Investigation Based Stem Professional Development For Elementary Teachers

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Nadelson, L. S., Callahan, J., Pyke, P., Hay, A., Dance, M., & Pfiester, J. (2013). Teacher STEM perception and preparation: Inquiry-based STEM professional development for elementary teachers. The Journal of Educational Research, 106(2), 157–168.

Purpose: The purpose of this study was to investigate teacher attitude, efficacy, and knowledge of STEM integration at the elementary level. During the study, professional development was provided . . . to increase and improve teacher perceptions and understanding of STEM curriculum and instruction.

Related Literature: Teaching STEM at the elementary level has both opportunities and challenges. Challenges include access to appropriate resources, heavy focus on English language arts and …show more content…

Overall Importance: The study results indicate that making job-embedded professional learning is essential to teacher attitude toward STEM integration. Follow-through with a systemic approach to teacher learning, application and implementation is essential for professional growth to be effective. Feedback from both administration and peer review throughout the process is equally important to the growth and development for STEM integration.

Owens, D. (2014). Elementary teachers’ perceptions of science, technology, engineering, and mathematics education in K-5 schools. Retrieved November 13, 2016, from Purpose:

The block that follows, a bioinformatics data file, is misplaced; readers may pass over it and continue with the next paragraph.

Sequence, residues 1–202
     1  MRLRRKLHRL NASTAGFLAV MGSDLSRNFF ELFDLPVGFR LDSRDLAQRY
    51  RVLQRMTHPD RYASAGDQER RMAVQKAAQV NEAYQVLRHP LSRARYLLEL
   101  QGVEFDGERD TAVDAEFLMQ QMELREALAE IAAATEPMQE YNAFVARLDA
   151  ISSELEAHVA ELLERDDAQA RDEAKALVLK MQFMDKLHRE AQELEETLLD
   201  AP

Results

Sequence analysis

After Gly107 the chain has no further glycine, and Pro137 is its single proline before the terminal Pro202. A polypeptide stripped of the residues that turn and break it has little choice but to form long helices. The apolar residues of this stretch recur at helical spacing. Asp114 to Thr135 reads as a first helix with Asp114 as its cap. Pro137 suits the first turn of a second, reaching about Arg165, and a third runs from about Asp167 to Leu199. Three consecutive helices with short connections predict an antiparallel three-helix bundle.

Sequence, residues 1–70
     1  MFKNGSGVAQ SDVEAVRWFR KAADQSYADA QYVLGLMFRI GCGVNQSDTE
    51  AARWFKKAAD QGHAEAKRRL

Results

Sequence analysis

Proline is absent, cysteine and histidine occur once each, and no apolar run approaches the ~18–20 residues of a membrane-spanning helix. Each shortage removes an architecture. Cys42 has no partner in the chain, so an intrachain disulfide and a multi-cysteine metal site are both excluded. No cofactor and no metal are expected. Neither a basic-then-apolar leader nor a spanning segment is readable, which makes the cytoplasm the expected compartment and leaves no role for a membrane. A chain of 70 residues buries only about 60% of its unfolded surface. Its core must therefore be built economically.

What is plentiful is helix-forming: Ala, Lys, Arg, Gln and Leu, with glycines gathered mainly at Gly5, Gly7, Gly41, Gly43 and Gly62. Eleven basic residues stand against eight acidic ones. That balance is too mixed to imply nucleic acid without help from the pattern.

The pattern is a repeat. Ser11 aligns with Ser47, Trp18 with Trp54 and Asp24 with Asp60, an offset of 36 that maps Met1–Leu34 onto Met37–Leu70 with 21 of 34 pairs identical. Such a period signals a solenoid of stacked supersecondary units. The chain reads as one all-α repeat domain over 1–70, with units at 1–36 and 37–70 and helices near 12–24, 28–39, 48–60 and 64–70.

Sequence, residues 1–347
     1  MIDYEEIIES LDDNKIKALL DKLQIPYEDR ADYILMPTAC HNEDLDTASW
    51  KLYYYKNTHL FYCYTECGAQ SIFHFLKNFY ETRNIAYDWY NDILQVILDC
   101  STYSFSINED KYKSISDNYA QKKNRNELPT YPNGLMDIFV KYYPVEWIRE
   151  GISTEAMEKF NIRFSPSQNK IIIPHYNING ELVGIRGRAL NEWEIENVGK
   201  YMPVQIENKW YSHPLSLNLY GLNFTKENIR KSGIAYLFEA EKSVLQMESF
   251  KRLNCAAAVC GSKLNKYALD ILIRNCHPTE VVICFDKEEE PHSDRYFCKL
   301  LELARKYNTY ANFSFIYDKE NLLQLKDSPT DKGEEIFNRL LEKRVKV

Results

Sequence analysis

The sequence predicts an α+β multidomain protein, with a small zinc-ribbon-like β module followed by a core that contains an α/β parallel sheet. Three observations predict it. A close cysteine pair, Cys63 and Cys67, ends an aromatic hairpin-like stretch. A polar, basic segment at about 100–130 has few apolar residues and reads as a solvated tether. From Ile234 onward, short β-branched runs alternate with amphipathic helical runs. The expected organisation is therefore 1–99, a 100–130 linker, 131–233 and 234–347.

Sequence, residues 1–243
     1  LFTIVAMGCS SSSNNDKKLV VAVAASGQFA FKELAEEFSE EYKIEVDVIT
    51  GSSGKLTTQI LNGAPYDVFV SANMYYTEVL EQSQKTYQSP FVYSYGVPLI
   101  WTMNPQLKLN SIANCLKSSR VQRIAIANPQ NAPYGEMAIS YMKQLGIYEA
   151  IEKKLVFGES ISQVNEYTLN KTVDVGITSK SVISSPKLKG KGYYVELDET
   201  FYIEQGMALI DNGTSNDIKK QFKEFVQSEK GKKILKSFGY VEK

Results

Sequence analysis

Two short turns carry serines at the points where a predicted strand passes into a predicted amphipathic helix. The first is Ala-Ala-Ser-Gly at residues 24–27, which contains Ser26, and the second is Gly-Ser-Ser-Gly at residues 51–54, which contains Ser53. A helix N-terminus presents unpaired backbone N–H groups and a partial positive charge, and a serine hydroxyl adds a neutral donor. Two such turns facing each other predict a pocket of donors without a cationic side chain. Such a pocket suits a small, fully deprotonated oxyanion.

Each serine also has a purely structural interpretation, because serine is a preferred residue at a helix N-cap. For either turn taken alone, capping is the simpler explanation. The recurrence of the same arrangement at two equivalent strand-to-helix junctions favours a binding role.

The purpose of this study was to investigate the implications of STEM integration’s practical implications on 21st century teaching and learning. The primary focus was of the perception of the teachers on STEM education, as well as on their competencies, and professional development. Related Literature: Singer states that confidence in STEM instruction is critical to integration for all students . . .including kindergarteners. To better understand STEM, a viewpoint for integration and implementation must be provided.

Procedure: A qualitative method was used to conduct a descriptive case study of twelve K-5 teachers in two North Carolina public schools. Although the researcher sought 20 participants for the sample size, only 12 teachers from two schools (pre-K through second and third

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